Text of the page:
# Ngô Quốc Anh

## September 1, 2010

### The inverse of the Laplace transform by contour integration

Filed under: Giải tích 7 (MA4247) — Ngô Quốc Anh @ 17:23

Usually, we can find the inverse of the Laplace transform $\mathcal L[\cdot](s)$ by looking it up in a table. In this entry, we show an alternative method that inverts Laplace transforms through the powerful method of contour integration.

Consider the piece-wise differentiable function $f(x)$ that vanishes for $x < 0$. We can express the function $e^{-cx}f(x)$ by the complex Fourier representation of $\displaystyle f(x){e^{ - cx}} = \frac{1}{{2\pi }}\int_{ - \infty }^\infty {{e^{i\omega x}}\left[ {\int_0^\infty {{e^{ - ct}}f(t){e^{ - i\omega t}}dt} } \right]d\omega }$

for any value of the real constant $c$, where the integral $\displaystyle I = \int_0^\infty {{e^{ - ct}}|f(t)|dt}$

exists. By multiplying both sides of first equation by $e^{cx}$ and bringing it inside the first integral $\displaystyle f(x) = \frac{1}{{2\pi }}\int_{ - \infty }^\infty {{e^{(c + i\omega )x}}\left[ {\int_0^\infty {f(t){e^{ - (c + i\omega )t}}dt} } \right]d\omega }$.

With the substitution $z = c+\omega i$, where $z$ is a new, complex variable of integration, $\displaystyle f(x) = \frac{1}{{2\pi }}\int_{c - \infty i}^{c + \infty i} {{e^{zx}}\left[ {\int_0^\infty {f(t){e^{ - zt}}dt} } \right]d\omega }$.

The quantity inside the square brackets is the Laplace transform $\mathcal L[f](z)$. Therefore, we can express $f(t)$ in terms of its transform by the complex contour integral

Theorem (Bromwich’s integral). The following line integral runs along the line $x = c$ parallel to the imaginary axis and $c$ units to the right of it, the so-called Bromwich contour $\displaystyle f(t) = \frac{1}{{2\pi i}}\int_{c - \infty i}^{c + \infty i} {\mathcal L[f](z){e^{tz}}dz}$.

Example. Let us invert $\displaystyle L(s) = \frac{{{e^{ - 3s}}}}{{{s^2}(s - 1)}}$.

Solution. From Bromwich’s integral, $\displaystyle\begin{gathered} f(t) = \frac{1}{{2\pi i}}\int_{c - \infty i}^{c + \infty i} {\frac{{{e^{(t - 3)s}}}}{{{z^2}(z - 1)}}dz} \hfill \\ \qquad= \frac{1}{{2\pi i}}\oint_C {\frac{{{e^{(t - 3)s}}}}{{{z^2}(z - 1)}}dz} - \frac{1}{{2\pi i}}\int_{{C_R}} {\frac{{{e^{(t - 3)s}}}}{{{z^2}(z - 1)}}dz} \hfill \\ \end{gathered}$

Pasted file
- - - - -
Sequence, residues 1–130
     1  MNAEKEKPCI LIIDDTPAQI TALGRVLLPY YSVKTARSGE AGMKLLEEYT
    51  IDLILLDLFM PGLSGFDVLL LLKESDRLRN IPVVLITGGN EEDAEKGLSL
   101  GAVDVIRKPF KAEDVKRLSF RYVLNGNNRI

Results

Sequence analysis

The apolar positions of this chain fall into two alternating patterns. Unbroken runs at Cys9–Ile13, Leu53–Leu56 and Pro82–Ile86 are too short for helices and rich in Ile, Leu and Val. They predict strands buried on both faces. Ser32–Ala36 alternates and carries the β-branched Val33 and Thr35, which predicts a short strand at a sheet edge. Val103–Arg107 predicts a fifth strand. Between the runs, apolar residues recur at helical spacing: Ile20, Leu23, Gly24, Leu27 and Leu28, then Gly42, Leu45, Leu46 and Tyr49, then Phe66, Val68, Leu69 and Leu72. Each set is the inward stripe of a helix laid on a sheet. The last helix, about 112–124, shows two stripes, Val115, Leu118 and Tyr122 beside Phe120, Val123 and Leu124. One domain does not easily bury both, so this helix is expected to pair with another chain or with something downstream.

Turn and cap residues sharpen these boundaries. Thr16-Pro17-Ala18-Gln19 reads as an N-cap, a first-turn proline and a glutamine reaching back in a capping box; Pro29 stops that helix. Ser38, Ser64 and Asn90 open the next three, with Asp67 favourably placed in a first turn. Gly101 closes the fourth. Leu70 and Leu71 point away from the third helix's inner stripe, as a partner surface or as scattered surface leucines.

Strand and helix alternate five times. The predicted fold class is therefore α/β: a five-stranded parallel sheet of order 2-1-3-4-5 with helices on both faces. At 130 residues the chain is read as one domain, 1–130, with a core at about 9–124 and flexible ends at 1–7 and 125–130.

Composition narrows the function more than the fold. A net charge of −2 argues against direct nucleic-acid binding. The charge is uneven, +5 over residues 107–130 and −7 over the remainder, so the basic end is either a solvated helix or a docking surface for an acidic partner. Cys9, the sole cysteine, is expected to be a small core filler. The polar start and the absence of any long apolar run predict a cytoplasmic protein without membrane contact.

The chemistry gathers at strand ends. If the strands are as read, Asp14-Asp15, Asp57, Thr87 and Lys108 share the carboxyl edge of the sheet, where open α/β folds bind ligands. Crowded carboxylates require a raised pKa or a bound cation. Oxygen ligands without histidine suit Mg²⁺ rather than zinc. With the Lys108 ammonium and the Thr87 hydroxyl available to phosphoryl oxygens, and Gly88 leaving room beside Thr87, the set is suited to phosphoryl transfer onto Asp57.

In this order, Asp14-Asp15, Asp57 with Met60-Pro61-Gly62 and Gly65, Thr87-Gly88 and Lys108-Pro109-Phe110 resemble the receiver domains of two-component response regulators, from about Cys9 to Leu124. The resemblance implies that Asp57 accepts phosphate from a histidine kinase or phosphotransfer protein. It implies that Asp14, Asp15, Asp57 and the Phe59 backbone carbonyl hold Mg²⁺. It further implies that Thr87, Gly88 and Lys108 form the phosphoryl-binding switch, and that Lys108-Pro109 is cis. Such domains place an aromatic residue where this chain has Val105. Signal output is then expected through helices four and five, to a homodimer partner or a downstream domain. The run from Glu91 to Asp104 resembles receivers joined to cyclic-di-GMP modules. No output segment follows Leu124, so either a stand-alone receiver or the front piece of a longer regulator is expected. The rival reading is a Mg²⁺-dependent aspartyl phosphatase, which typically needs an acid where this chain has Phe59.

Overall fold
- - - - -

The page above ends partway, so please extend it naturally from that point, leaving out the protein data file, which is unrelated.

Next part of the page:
where $C_R$ is a semicircle of infinite radius in either the right or left half of the $z$-plane and $C$ is the closed contour that includes $C_R$ and Bromwich’s contour.

Our first task is to choose an appropriate contour so that the integral along $C_R$ vanishes. By Jordan’s lemma, this requires a semicircle in the right half-plane if $t-3 < 0$ and a semicircle in the left half-plane if $t- 3>0$. Consequently, by considering these two separate cases, we force the second integral to zero and the inversion simply equals the closed contour.

Consider the case $t < 3$ first. Because Bromwich’s contour lies to the right of any singularities, there are no singularities within the closed contour and $f(t) = 0$.

Consider now the case $t > 3$. Within the closed contour in the left half-plane, there is a second-order pole at $z = 0$ and a simple pole at $z = 1$. Therefore, $\displaystyle f(t) = \mathop {\rm Res}\limits_{z = 0} \left[ {\frac{{{e^{(t - 3)s}}}}{{{z^2}(z - 1)}}} \right] + \mathop {\rm Res}\limits_{z = 1} \left[ {\frac{{{e^{(t - 3)s}}}}{{{z^2}(z - 1)}}} \right]$

where $\displaystyle\mathop {\rm Res}\limits_{z = 0} \left[ {\frac{{{e^{(t - 3)s}}}}{{{z^2}(z - 1)}}} \right] = \mathop {\lim }\limits_{z \to 0} \frac{d}{{dz}}\left[ {{z^2}\frac{{{e^{(t - 3)s}}}}{{{z^2}(z - 1)}}} \right] = 2 - t$

and $\displaystyle\mathop {\rm Res}\limits_{z = 1} \left[ {\frac{{{e^{(t - 3)s}}}}{{{z^2}(z - 1)}}} \right] = \mathop {\lim }\limits_{z \to 1} \frac{d}{{dz}}\left[ {(z - 1)\frac{{{e^{(t - 3)s}}}}{{{z^2}(z - 1)}}} \right] = {e^{t - 3}}$.

Taking our earlier results into account, the inverse equals $\displaystyle f(t) = \left[ {{e^{t - 3}} - (t - 3) - 1} \right]H(t - 3)$.

Source: Green’s Functions with Applications by Dean G. Duffy

1. Excuse me, I have a question.
the first equality on the solution of the example, I think z have to be put instead of s.
like this $\displaystyle f(t) = \frac{1}{2\pi i}\int_{c-\infty i}^{c+\infty i}\frac{e^{(t-3)z}}{z^2 (z-1)}dz$
Am I right?

Comment by zariski — September 10, 2010 @ 19:41

• Hi zariski.

You are right, it also appears that $s$ in the second line need to be changed, i.e., the whole stuff reads as follows $\displaystyle\begin{gathered} f(t) = \frac{1}{{2\pi i}}\int_{c - \infty i}^{c + \infty i} {\frac{{{e^{(t - 3)z}}}}{{{z^2}(z - 1)}}dz} \hfill \\ \qquad= \frac{1}{{2\pi i}}\oint_C {\frac{{{e^{(t - 3)z}}}}{{{z^2}(z - 1)}}dz} - \frac{1}{{2\pi i}}\int_{{C_R}} {\frac{{{e^{(t - 3)z}}}}{{{z^2}(z - 1)}}dz}. \hfill \\ \end{gathered}$

Thanks for visiting my blog and also pointing out the misprint.

Comment by Ngô Quốc Anh — September 10, 2010 @ 21:27

2. Thanks for this post. It was a useful overview.

Comment by Sunil — August 12, 2012 @ 9:10

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